Another bias can be the cause of appointing a woman in this kind of situation. It is an unconscious desire, on the part of an organisational culture based on male stereotypes of success, to maintain the status quo and thus to see the appointed woman fail, so that the idea that power is a man's thing can be confirmed.

In our individual and collective accompaniment work, we have encountered the Glass Cliff not only on gender but also on specific roles - perhaps because they are perceived as deeply challenging the status quo, comparing to others more traditional function and roles, for example in sales, marketing, production and so on.  - in particular those that accompany, in various ways, Corporate Social Responsibility, or Responsible Investment. There are cases in which organisations seem to have set up the role in order to show that change is not possible, or that it is only on the shoulders of the person or function that takes it on, freeing the rest of the members of the company from responsibility. The person taking the role, in these cases, whether male or female, is acting on a very dangerous slope, from which it is easier to fall than to be effective.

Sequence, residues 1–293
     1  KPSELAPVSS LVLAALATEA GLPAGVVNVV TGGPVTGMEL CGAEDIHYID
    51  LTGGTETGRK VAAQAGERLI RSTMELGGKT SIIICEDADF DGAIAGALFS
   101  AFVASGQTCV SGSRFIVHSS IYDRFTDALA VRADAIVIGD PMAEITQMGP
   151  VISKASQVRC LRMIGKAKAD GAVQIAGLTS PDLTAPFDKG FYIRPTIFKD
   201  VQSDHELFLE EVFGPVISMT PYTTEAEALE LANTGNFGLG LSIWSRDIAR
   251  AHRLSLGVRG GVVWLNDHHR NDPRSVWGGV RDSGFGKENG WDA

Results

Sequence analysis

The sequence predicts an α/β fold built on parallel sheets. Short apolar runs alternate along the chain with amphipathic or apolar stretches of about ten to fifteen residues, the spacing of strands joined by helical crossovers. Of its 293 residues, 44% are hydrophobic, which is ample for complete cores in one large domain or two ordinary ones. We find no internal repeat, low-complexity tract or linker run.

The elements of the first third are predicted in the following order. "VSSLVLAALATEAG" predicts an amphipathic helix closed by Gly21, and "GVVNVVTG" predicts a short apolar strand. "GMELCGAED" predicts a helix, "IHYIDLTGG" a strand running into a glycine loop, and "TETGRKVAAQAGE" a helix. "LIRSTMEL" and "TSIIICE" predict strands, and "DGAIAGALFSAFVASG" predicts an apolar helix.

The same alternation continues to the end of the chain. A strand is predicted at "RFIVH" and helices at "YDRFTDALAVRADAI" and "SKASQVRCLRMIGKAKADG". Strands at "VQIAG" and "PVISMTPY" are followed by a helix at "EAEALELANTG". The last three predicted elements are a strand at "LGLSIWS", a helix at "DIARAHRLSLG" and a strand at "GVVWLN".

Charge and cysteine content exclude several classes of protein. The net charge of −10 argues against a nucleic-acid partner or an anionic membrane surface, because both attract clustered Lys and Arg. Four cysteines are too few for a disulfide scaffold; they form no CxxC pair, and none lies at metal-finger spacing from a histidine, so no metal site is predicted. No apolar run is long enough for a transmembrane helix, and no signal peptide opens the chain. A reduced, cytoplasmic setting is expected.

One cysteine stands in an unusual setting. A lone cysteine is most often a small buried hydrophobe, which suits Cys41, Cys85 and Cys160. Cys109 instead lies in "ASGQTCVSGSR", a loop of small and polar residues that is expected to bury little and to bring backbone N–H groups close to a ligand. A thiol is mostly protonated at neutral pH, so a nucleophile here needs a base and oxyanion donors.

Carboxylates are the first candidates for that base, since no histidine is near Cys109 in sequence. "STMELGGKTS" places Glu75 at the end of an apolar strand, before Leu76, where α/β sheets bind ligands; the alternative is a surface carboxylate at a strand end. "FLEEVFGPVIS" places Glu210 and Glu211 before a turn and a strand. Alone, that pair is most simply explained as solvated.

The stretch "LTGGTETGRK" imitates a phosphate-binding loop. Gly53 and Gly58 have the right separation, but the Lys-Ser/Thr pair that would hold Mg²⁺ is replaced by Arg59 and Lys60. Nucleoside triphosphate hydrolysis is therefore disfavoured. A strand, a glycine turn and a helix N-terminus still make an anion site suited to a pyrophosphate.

As with all biases, the underlying unconscious dynamics of the Glass Cliff can be very mobilising and remain implicit if individually and collectively we cannot find the right distance to name them and the will to transform them.

What might be some concrete paths for doing so? Here are some clues that we have worked during Suzanne’s coaching, before she stepped into the role:

  1. Before taking on the role, Suzanne must carefully negotiate the resources that will be made available to her, commensurate with the importance of the project, the expected results, the impacts. She has to set, together with the direction, realistic and measurable indicators of success to anchor her action in reality. One of the most important resources for success is precisely the visible commitment of the company's top management and CEO, which must be clear and well-defined from the outset and, if necessary, revised following feedback during the action.
  2. A second step is to build a map of possible allies, create a strong network that can support her and provide her with resources to achieve her goals.
  3. Another important element is a groundwork on the organisational culture, on the one hand to bring out the mental models and to transform them, on the other hand to clarify everyone's expectations and responsibilities regarding the digital transformation project. The glass cliff becomes less dangerous if one is not alone in walking along it.